Or other primates with bits and pieces of human "code" in their brains? If we say that this animal isn't human, and therefore only deserving of the rights normally given to other primates even though it shows clear signs of human intelligence, wouldn't that somehow be wrong? But on the other hand, should they have full human rights, a seat at the UN, etc.?

Stretching things a little, wouldn't it be possible to create a slave-class of creature, with many of the abilities of humans but none of the rights?

There would seem to be a lot of room for a lot of pain to be caused if we don't get this right.

more than 3 years ago



Google using reCAPTCHA to decode street addresses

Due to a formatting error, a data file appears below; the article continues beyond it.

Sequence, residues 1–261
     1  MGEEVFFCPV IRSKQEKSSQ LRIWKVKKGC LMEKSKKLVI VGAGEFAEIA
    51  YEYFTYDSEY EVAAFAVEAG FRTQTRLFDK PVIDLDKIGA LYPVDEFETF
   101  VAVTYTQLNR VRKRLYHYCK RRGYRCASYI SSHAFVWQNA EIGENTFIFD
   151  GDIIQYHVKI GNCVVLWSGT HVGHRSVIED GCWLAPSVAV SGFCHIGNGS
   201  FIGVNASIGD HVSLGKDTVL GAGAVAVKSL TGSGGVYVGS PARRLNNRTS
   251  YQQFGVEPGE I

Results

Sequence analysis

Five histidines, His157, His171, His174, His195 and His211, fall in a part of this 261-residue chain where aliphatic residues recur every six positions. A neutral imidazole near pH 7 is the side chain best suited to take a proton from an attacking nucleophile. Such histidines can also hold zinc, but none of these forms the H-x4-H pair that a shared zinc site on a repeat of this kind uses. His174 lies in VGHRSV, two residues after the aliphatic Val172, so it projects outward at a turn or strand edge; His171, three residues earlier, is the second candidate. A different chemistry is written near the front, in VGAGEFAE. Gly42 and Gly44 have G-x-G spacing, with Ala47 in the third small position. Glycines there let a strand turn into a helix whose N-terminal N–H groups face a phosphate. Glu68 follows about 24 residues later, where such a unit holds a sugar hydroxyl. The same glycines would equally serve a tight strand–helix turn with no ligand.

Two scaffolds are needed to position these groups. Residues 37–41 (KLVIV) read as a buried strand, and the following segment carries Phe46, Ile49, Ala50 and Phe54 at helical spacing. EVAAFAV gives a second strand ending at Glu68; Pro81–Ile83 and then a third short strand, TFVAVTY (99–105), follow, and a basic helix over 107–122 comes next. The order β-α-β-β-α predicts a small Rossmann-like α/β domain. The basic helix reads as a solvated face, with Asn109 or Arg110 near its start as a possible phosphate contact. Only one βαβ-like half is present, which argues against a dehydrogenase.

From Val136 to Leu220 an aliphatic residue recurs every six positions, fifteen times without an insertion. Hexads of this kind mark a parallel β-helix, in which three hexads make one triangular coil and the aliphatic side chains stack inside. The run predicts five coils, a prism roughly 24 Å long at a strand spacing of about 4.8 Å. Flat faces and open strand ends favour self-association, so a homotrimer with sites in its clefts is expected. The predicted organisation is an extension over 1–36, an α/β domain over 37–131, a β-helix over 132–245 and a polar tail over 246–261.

smolloy smolloy writes  |  more than 2 years ago

smolloy (1250188) writes "Apparently some users of reCAPTCHA have recently begun seeing photographs appear in their CAPTCHA puzzles — photos that look very much like zoomed in house numbers taken from Google Streetview.

It appears that Google has decided to put the reCAPTCHA system to help clean up Google streetview images, and "according to a Google spokesperson, the system isn’t limited to street addresses, but also involves street names and even traffic signs."

A large collection of these has appeared on the Blackhatworld website."

Link to Original Source

Faulty cable to blame for superluminal neutrino results

smolloy smolloy writes  |  more than 2 years ago